Poor Stevie

ramsay street

One evening in May, J-man went to bed sick, asking me to check on him throughout the night. Just before I went to sleep on a camp mattress set up in the lounge room, I looked in on him, and under the light coming from the street, he looked grey and his mouth was limp and open. Until I heard him snort, I thought he was dead.

It had been a terrible few days – we’d had to cancel a trip to Cairns for a friend’s wedding after J-man got severe tonsillitis. It was grey and drizzly. The baby was fussy. Our neighbours were bulldozing their house. Sick, miserable and trapped, there was nothing any of us could do to escape the sound of metal crushing bricks, and smashing glass and boring into sandstone.

This was the beginning of seven months of renovations. The sound of drills would wake us in the morning, dropsaws would interrupt the baby’s morning naps, cups of tea in the backyard were accompanied by the young builders’ stories about what was in their vomit on Saturday night, as their cigarette smoke would drift down our hallway. Our backyard became a construction zone, they flattened our garden, put sandbags in, and cheerfully sprinkled rusty nails everywhere. When they tore down the neighbour’s fence, part of ours went with it. For months our security system consisted of a plank of wood holding our back gate closed.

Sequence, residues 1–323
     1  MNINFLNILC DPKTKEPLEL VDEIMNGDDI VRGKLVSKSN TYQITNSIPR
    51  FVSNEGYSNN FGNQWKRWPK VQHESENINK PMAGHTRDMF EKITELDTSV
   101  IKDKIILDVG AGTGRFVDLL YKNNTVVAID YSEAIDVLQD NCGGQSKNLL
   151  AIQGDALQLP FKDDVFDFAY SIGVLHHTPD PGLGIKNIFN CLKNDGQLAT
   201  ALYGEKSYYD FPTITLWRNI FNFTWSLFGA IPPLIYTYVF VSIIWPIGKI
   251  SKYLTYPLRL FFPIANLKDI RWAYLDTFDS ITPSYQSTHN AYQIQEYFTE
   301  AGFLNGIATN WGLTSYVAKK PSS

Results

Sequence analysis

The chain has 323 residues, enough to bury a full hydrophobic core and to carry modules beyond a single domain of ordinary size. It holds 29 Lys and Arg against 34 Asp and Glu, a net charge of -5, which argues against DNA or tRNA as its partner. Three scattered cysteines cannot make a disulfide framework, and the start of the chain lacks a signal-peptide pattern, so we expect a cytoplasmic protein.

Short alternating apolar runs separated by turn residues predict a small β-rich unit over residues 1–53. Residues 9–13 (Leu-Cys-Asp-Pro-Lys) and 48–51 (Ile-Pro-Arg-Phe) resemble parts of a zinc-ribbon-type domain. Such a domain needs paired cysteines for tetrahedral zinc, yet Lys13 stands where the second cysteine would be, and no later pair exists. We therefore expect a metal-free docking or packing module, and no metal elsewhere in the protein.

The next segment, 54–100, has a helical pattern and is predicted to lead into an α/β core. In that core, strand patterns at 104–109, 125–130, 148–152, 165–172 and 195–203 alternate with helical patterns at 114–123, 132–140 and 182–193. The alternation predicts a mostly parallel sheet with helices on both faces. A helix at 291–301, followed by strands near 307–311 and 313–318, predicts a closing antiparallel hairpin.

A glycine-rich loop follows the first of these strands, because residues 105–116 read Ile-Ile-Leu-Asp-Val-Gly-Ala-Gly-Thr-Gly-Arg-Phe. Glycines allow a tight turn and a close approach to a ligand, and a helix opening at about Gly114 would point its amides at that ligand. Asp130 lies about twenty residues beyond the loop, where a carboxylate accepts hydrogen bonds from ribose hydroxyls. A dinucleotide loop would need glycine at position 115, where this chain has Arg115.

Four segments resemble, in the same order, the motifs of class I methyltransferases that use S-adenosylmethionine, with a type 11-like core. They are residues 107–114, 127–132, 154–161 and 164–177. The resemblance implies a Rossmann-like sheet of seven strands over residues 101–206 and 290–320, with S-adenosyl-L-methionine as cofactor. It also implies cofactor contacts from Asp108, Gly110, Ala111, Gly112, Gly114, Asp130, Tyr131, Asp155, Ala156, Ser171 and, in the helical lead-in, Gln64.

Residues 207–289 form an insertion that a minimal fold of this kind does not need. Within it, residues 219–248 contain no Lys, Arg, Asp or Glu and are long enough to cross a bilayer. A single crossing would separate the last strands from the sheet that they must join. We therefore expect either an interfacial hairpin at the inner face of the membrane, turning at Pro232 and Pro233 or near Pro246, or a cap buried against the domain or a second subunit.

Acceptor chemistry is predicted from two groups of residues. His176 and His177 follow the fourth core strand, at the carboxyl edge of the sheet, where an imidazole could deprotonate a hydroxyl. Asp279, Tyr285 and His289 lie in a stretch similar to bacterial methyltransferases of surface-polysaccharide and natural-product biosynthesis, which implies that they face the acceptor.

But every time the builders asked for something – could they use our backyard to come and go, could we move our car, could they nail things into our outside wall, could they work early or late, could they park across our back lane – we said yes. We said yes because we thought it was the kind, neighbourly thing to do to let their massive renovations go to plan. Who wants to move into a beautiful dream house knowing your neighbours are the worst?

Two weeks ago, the builders left and the family moved in. I had been kind of expecting a knock on the door, or a friendly note of thanks, or a donut left on the front step for living through a hellish seven months without a single (public) complaint. But they have been actively avoiding us. Yesterday, we saw them for the first time and tried to strike up conversation, while they backed into their front gate as though we were door-knocking evangelists.

And that is why I hate people.

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